Part of the project involves re-envisioning STEM teaching in order to better engage and retain STEM majors, Tchounwou explains. He and his colleagues intend to implement teaching strategies to make classes more interactive rather than lecture-based, especially in critical gateway courses and lab classes. Technology will help boost the effort. Because JSU also has an iPad initiative that provides iPads to all first-time freshmen, some faculty members have designed specific class plans that capitalize on the opportunities for real-time multimedia integration in the classroom, and the larger project will build on those strategies.

Putting Resources in Place for STEM Student Success

STEM students who find themselves struggling to keep up will receive additional support. Early warning systems are in place, and students can take advantage of tutoring offered by JSU's Scholar Academy. The Scholar Academy's objective is to take scholars — students with GPAs of 3.0 or more — and have them assist struggling students to move them into a competitive GPA range. The model is largely based on peer mentoring, which JSU has been doing for years.

Affinity research groups also support struggling students by matching a group of four or five students with a professor. In some cases, this may be a group of students with low confidence in their abilities. Tchounwou explains that by interacting and engaging with both professors and peers, these students are able to build the confidence they need to move more deeply into collaborative research.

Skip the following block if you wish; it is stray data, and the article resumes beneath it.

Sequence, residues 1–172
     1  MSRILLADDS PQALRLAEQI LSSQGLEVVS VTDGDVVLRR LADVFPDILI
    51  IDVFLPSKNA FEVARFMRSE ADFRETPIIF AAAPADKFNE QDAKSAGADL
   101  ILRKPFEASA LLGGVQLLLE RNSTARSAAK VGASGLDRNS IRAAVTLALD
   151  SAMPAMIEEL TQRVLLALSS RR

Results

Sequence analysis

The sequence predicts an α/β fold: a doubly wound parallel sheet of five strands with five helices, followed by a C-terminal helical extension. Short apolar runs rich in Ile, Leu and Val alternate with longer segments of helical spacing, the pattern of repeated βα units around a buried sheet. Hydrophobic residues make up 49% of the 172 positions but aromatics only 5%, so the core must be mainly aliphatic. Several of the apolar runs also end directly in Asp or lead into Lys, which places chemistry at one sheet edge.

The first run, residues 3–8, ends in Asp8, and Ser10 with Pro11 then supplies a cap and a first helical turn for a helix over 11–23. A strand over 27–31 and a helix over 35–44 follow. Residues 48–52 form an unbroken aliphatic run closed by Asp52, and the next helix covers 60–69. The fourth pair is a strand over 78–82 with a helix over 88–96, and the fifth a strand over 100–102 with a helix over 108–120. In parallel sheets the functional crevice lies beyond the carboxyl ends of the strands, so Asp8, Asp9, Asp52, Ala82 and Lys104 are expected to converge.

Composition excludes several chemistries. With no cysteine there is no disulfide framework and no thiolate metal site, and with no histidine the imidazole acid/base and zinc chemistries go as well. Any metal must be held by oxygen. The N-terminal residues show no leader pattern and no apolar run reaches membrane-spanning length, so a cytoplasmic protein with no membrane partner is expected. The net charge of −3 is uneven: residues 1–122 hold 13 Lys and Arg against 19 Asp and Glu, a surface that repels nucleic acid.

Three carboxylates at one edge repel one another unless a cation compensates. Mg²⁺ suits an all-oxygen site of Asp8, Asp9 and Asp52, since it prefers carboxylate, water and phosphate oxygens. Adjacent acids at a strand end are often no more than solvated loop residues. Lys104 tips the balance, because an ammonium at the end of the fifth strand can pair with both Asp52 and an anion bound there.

Engaging the Larger Campus Community in STEM Research

To engage students in STEM and in research collaboration in all parts of the campus community, JSU is deploying interdisciplinary learning communities. The learning communities are designed to help students understand how research helps them develop tools to move forward in any discipline. For example, Tchounwou explains, a multidisciplinary learning community studying pesticides might look like this:

  • Chemistry students might analyze at the chemical structure of pesticides.
  • Biology students might study the effects of pesticides on plants and animals.
  • Public health students might evaluate the effect of pesticides on the health of those exposed to them.
  • Public policy majors might focus on current laws and issues involving pesticides.
  • Liberal arts students might address these issues from a cultural aspect; perhaps they will frame policies to educate those from different ethnic communities, or design outreach campaigns to deliver messages to a larger audience.
  • Education students might design appropriate health education programs.